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live variables
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Date: 2001-01-16 (10:42)
From: Xavier Leroy <Xavier.Leroy@i...>
Subject: Re: live variables
> I would like to follow up to the mailing list a series of posts on 
> comp.lang.functional.  Jerome Vouillon explained that the native code 
> compiler compiles
> 	let rec foldl f q = function
> 	| [] -> q
> 	| x :: xx -> foldl f (f q x) xx
> as if it were written
> 	let rec foldl f q = function
> 	| [] -> q
> 	| l ->
> 	  let x = List.hd l in
> 	  let r = f q x in
> 	  let xx = List.tl l in
> 	  foldl f r xx
> As Daniel Wang points out, this does not preserve the basic liveness 
> properties of the original program.  As he asked on the newsgroup, is there 
> a deep reason for this, or is this just a bug that has yet to be fixed?

There are two notions of "liveness":
- GC liveness: when is the value of a local variable treated as a
  memory root for the garbage collector?
- Dataflow liveness: is the value of a local variable going to be used
  again later in the same activation of the same function?

For the bytecode interpreter, everything that is stored in the
evaluation stack is a GC root, i.e. live for the GC.  This roughly
means that a variable is GC live at every point in its lexical scope
(with obvious exceptions for tail-calls and for function
abstractions).  Hence, the second version of foldl above
behaves exactly like the alternative version below:

 	let rec foldl f q = function
 	| [] -> q
 	| l ->
 	  let x = List.hd l in
 	  let xx = List.tl l in
 	  let r = f q x in
 	  foldl f r xx

I.e. the variable "l" remains GC live until foldl tail-calls in both

The native-code compiler actually ties GC liveness with the result of
its dataflow liveness analysis: only local variables that have been
determined dataflow live at a GC point are treated as memory roots.
This is an optimization that may allow earlier deallocation.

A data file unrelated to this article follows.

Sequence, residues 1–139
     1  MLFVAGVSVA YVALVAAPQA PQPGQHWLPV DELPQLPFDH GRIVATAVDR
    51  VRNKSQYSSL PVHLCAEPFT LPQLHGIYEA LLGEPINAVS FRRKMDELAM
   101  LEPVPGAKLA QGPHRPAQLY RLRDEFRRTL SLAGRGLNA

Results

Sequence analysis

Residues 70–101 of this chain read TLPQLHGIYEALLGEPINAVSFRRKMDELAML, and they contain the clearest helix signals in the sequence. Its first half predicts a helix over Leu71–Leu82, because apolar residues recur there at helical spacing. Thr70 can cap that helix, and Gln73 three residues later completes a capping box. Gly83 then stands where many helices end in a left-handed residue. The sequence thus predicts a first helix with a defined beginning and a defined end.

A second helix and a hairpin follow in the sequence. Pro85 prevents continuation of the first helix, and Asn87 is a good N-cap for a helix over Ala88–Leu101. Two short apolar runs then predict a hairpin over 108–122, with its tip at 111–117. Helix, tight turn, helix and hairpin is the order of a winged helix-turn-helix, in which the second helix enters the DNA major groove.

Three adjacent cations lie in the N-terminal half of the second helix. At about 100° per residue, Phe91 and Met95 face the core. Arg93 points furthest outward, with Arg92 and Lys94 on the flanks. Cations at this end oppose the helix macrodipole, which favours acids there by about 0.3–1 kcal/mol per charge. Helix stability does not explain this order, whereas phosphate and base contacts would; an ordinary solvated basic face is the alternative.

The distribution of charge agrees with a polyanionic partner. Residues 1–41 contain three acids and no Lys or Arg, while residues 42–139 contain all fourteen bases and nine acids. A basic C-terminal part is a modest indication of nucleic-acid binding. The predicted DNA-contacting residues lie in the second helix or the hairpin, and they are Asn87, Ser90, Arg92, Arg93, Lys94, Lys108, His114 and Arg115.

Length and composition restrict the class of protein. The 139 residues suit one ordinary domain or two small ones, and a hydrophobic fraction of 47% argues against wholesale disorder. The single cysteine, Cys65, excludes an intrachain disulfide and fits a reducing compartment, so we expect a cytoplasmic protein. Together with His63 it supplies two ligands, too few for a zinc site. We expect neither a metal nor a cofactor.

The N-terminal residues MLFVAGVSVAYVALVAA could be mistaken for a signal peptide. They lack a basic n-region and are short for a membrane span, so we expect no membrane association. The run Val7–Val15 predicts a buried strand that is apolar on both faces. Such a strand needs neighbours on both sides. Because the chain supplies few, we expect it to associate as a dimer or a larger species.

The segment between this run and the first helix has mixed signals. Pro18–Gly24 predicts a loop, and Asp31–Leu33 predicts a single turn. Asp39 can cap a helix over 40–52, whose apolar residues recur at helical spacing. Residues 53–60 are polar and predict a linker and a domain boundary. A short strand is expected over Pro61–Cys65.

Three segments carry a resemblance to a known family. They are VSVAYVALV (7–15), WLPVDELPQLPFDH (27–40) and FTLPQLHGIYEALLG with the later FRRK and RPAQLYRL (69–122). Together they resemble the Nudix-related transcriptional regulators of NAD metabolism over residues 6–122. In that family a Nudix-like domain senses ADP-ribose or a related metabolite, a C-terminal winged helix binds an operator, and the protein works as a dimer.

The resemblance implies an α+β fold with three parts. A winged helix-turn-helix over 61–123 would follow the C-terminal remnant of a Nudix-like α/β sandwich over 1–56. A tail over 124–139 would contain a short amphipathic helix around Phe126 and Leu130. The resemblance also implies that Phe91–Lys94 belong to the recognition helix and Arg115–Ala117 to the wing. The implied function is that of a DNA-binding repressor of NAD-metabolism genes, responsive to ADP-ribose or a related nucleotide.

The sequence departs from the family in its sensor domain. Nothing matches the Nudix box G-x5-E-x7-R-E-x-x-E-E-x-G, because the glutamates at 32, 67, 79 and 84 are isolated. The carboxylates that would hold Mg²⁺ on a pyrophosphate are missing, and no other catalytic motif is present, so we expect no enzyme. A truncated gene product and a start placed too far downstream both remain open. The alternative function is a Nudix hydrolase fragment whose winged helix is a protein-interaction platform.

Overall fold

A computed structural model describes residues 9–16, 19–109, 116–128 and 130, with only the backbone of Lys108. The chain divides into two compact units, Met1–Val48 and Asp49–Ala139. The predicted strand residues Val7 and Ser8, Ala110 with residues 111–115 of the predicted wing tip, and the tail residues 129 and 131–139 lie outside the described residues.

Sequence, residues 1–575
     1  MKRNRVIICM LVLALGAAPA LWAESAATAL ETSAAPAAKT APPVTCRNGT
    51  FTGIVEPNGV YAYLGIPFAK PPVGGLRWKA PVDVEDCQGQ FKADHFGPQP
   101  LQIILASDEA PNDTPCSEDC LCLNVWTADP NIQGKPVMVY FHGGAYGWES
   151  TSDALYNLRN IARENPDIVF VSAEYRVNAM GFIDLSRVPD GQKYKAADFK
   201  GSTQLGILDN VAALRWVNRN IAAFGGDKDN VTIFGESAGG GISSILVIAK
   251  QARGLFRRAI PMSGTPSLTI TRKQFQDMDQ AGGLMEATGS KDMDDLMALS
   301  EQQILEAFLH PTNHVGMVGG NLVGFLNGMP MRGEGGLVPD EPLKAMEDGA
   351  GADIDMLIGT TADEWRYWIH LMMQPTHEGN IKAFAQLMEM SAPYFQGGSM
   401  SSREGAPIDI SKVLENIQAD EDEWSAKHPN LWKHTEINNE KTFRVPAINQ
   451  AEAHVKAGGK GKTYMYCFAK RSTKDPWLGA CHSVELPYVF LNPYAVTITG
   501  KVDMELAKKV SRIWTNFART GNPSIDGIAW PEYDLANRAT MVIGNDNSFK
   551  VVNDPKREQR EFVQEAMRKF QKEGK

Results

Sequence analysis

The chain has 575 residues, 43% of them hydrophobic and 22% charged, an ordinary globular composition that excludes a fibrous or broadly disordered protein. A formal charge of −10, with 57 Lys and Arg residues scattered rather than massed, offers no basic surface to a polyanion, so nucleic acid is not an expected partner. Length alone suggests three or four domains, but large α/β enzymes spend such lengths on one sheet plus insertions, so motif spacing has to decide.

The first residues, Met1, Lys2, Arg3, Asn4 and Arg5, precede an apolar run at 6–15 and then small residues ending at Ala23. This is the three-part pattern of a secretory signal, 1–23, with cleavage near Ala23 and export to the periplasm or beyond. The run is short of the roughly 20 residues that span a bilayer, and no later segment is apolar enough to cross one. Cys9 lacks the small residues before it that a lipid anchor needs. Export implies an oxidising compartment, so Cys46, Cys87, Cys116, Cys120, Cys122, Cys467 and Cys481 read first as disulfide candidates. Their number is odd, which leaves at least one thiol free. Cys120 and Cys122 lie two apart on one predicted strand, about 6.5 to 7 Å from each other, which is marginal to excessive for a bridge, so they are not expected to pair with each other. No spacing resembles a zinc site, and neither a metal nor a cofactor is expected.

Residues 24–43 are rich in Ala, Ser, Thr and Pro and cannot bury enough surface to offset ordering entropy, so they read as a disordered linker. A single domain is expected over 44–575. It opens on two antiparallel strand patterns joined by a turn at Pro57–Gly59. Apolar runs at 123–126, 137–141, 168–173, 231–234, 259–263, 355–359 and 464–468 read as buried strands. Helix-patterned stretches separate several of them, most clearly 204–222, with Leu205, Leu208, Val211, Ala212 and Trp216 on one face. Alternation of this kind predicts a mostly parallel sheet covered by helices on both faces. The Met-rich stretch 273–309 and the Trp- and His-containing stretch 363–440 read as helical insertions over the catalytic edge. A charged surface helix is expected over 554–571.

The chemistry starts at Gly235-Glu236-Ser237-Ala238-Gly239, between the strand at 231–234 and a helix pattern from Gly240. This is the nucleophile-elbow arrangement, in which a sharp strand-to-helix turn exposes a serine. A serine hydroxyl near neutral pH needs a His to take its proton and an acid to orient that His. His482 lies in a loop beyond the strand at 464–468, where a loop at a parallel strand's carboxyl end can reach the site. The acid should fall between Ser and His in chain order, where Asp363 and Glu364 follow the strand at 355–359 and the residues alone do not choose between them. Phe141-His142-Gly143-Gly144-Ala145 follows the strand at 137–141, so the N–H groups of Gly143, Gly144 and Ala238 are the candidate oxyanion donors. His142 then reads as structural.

For instance, "l" is not live during the call to "f" in the
third version of "foldl" above, but "l" is live during the call to "f"
in the second version.  The head of "l" as well as its head cons could
therefore be reclaimed earlier in the former case than in the latter.

But this is just an optimization, not a guaranteed property.  Indeed,
"the basic liveness properties of the original programs" are quite
hard to define independently of a particular execution model and
liveness analysis algorithm.  So, I certainly don't see this behavior
(no early deallocation of the head of l in the second form above)
as a bug; at most, it's a quality of implementation issue.

Now, why is it that "foldl" is translated to the second form above and
not the third?  This is due to one of the "let" optimizations performed by
ocamlc and ocamlopt:
        let x = e in ... x ... (* one occurence of x only *)
is replaced by
        ... e ...
(This is performed only for certain compiler-generated lets where "e"
is guaranteed to be side-effect free.  There are similar optimizations
when "x" does not occur in the body of the let, and also when "e" is
another variable "y".)  So, for "foldl", the pattern-matcher compiler
first generate something very naive with lots of intermediate lets:
        let rec foldl f q t1 =
          let t2 = t1 in
          match t2 with
            [] -> q
          | _::_ -> let t3 = hd t2 and t4 = tl t2 in
                    foldl f (f q t3) t2
which then gets transformed to:
        let rec foldl f q t1 =
          match t1 with
            [] -> q
          | _::_ -> foldl f (f q (hd t1)) (tl t1)

These optimizations on compiler-generated "let"s is a big win for the
bytecode compiler, both in terms of code size and execution speed, and
also help the native-code compiler to some extent by decreasing
register pressure and workload on the register allocator.

Unfortunately, this can conflict with early reclaimation of data
structures in some cases (for the native-code compiler).  It's really
a code size/speed vs. memory usage conflict.

Ideally, the "let" optimizations should take the life span of
variables into account, at least for the native-code compiler, but I
really don't know how to do this.

- Xavier Leroy